The Nationals WA believe all patients, no matter where they live, deserve access to world class health care.
The Nationals WA will continue their longstanding commitment to investing in the health and wellbeing of regional Western Australians by establishing a State Rural Health Commissioner if the Party is returned to government in 2021.
In government The Nationals WA invested record amounts of funding to deliver better regional healthcare and improve regional health outcomes.
Programs such as the $600 million Southern Inland Health Initiative (SIHI) significantly improved service accessibility through telehealth, invested in new nursing posts and hospitals and enabled research into health service delivery.
Our $200 million investment built the brand new Karratha Health Campus – the single biggest investment in regional health infrastructure in WA’s history. These investments have proved vital to ensuring regional and remote WA were well placed to prepare for health responses to the COVID-19 pandemic.
Our investment helped recalibrate healthcare inequities across regional WA, yet people living outside the metropolitan area still suffer poor health outcomes:
- Life expectancy in regional WA is 81.1 years, compared to 83.1 if you lived in Perth.
- 1.4 times more likely to be hospitalised in regional areas for respiratory disease, cellulitis, epilepsy and ear, nose and throat infections.
- 1.3 times more likely to be affected by diabetes.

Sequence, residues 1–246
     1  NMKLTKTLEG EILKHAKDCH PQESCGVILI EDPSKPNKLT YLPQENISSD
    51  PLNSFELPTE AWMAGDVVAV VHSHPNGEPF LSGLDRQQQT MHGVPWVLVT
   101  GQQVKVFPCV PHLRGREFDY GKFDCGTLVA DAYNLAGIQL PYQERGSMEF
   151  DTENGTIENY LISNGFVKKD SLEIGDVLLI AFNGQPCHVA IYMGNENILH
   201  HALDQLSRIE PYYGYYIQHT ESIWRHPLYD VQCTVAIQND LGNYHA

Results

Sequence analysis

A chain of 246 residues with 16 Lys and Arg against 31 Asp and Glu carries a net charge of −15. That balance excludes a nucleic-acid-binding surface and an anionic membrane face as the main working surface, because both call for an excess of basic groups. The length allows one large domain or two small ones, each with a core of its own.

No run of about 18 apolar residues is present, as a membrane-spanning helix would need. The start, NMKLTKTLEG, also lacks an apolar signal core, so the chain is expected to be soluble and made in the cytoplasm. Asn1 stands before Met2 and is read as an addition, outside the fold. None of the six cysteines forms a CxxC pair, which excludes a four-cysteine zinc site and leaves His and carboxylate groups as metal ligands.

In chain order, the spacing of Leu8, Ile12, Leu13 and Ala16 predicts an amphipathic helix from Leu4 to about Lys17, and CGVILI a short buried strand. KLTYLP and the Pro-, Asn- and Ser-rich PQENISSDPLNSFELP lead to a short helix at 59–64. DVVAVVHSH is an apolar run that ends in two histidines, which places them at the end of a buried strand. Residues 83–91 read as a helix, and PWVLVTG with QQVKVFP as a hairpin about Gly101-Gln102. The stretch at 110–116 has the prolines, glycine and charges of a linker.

- Children in remote areas are at increased risk of oral health and hygiene.
Establishing a Commissioner will provide an independent and fearless champion with a laser sharp focus on regional health. The independent position will be appointed to monitor regional health outcomes, consult with health stakeholders and the community and importantly to recommend change that will make a difference to the health and lives of regional Western Australians.
The role of Commissioner would complement the agenda of the National Rural Health Commissioner established by the Federal Government in 2017.
However, the State Commissioner would adopt an organisational model similar to that of the Commissioner for Children and Young People.
The Commissioner would be an independent officer of the State Parliament and could report to a joint standing committee or an existing committee of both houses.
The office must remain independent of government and the public and private sector to ensure that advice and recommendations are not influenced and are provided with impartiality.
- We will establish a State Rural Health Commissioner to provide independent advice and report on rural and regional health in Western Australia.
- The office will be funded through Royalties for Regions with an initial contribution of $3m per annum ($15m over 5 years).
- The office and its operations will be legislated to provide certainty and continuity for future generations of regional Western Australians.
- The Commissioner will ensure transparent reporting on the efficacy and availability of service delivery in our regions.
- The Commissioner will work in conjunction with the National Rural Health Commissioner and other similar bodies to ensure collaboration and avoid duplication of resources where possible.
The Nationals WA invite feedback on this discussion paper.